The Post Office lost billions of dollars even after cutting 40,000 jobs in FY09, but the fact is the organization will probably have to shed even more jobs and at some point become innovative and smarter. Still, the Post Office reminds me of Blockbuster about a decade ago, at some point it’s going to have to find a way to fend off the Internet and I’m just not sure that’s going to happen. Maybe it’s time to dissolve the business or take a radically different approach other than raising prices, which is a completely backward move for a product with diminishing demand. Though not as egregious as the surge in cost of doing a headcount in this nation, the cost of a first class stamp has also outpaced the rate of inflation. In 1971, the Post Office negotiated its first collective bargaining contract (first for any government agency) and since then, the price of stamps has soared.

I’m not sure what can be done, although I bet old Ben Franklin is rolling over in his grave. First they turn down his idea of using a wild turkey as the nation’s symbol and now the post office is bleeding so much red ink it will have to go out of business or tap taxpayers for a bailout. In the meantime, it looks like the price of a first class stamp will move to $0.46 next year, but that will add $2.5 billion to the coffers. A novel idea might be lowering the prices of stamps but that would seem too much like capitalistic thinking and the Post Office is supposed to be revenue-neutral, it’s not supposed to make money. Well, it won’t.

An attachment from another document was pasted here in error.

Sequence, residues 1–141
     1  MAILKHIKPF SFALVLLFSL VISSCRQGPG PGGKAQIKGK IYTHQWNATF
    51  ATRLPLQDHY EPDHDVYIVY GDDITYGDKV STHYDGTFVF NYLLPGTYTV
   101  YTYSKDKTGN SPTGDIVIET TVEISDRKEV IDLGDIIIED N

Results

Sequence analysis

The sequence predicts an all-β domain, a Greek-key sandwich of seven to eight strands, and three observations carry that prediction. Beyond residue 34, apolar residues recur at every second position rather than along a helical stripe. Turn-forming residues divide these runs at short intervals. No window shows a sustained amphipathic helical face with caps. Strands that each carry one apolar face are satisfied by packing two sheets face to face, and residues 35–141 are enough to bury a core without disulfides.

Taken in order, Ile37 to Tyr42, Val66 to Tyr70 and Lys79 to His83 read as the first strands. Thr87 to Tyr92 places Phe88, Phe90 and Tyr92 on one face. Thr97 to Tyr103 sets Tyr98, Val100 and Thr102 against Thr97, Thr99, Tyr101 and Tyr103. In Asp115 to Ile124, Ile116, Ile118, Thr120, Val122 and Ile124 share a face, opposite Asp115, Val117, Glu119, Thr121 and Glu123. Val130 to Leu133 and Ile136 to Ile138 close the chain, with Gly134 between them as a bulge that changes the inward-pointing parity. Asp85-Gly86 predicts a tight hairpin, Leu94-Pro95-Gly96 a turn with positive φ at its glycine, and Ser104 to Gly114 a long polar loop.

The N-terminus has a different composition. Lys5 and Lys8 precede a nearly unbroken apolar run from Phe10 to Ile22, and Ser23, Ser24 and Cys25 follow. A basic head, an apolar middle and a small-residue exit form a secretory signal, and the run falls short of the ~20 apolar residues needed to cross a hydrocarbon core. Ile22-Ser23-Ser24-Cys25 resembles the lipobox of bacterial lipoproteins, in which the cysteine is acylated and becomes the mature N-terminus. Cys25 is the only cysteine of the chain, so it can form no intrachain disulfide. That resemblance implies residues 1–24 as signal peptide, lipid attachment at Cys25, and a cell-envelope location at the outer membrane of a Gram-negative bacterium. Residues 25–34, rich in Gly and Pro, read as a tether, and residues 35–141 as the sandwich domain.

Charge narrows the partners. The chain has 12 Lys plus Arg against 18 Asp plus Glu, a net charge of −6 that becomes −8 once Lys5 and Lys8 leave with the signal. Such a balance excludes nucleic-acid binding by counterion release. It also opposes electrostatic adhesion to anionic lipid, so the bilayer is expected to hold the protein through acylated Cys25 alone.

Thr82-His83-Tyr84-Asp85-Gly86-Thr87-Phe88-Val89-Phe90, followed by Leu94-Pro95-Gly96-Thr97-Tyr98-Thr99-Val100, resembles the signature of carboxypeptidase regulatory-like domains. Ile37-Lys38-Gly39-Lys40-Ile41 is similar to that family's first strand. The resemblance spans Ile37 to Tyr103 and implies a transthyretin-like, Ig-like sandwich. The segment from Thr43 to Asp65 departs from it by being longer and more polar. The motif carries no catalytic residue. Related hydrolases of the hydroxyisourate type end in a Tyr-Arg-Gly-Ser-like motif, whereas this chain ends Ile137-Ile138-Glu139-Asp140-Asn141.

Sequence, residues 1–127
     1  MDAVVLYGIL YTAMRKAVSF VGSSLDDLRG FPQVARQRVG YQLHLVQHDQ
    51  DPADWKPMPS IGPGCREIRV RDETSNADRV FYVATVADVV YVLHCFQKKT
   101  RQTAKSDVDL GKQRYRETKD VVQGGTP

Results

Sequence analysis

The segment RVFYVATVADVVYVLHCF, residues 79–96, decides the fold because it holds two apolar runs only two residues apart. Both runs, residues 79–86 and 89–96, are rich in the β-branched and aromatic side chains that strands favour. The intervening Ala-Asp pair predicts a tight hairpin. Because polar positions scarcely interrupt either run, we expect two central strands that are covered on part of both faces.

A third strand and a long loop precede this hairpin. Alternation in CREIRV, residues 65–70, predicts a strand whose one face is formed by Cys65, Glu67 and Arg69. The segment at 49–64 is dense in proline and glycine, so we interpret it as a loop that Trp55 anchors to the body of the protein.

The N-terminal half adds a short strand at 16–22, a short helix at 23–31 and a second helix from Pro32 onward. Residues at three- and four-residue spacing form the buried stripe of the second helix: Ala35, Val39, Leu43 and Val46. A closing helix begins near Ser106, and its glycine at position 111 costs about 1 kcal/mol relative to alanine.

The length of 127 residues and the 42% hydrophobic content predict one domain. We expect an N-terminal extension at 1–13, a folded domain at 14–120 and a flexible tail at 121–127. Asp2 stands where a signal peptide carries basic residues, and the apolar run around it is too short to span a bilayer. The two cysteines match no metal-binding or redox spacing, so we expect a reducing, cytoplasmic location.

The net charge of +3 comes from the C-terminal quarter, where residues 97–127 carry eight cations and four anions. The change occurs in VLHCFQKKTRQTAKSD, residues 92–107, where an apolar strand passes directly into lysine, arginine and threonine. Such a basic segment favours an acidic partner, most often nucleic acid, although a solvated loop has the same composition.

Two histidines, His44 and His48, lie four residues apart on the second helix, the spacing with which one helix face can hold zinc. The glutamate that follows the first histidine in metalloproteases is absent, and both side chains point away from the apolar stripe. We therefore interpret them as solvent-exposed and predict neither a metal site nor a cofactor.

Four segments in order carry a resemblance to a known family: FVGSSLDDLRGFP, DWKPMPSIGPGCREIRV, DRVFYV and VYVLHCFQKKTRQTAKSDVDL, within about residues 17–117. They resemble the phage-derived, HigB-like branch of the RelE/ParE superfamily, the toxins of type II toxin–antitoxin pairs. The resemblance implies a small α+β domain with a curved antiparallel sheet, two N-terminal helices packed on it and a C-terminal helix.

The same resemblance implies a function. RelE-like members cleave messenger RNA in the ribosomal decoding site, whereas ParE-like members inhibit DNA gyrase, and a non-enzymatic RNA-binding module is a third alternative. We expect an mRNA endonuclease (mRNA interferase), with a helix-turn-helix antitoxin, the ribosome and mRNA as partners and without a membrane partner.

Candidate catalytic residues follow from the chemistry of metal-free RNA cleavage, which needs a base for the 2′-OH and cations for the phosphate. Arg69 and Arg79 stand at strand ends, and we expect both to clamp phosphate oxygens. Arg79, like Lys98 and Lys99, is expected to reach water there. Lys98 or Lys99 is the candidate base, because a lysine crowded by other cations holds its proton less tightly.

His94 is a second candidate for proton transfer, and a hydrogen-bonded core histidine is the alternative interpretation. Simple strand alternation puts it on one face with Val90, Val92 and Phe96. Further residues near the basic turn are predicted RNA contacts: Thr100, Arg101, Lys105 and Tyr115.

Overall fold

I wonder if they would ever let outside managers run the Post Office and if somehow the mandate could shift from revenue neutral to actually making money. It would be wonderful as it has got a built in workforce, massive global reach, and name recognition. There are a lot of opportunities but at some point their legal monopoly has to be discontinued and they have to know that like other semi-government entities, they can’t do stupid things over and over and eventually be bailed out.

Another four banks bite the dust

Final Note

The market looks to open a little lackluster which isn’t unusual after a huge week, but in this climate any lethargy is worrisome.

Charles Payne is the CEO and Principal Analyst of Wall Street Strategies . This post was republished, with permission, from his company’s column, WStreet Market Commentary.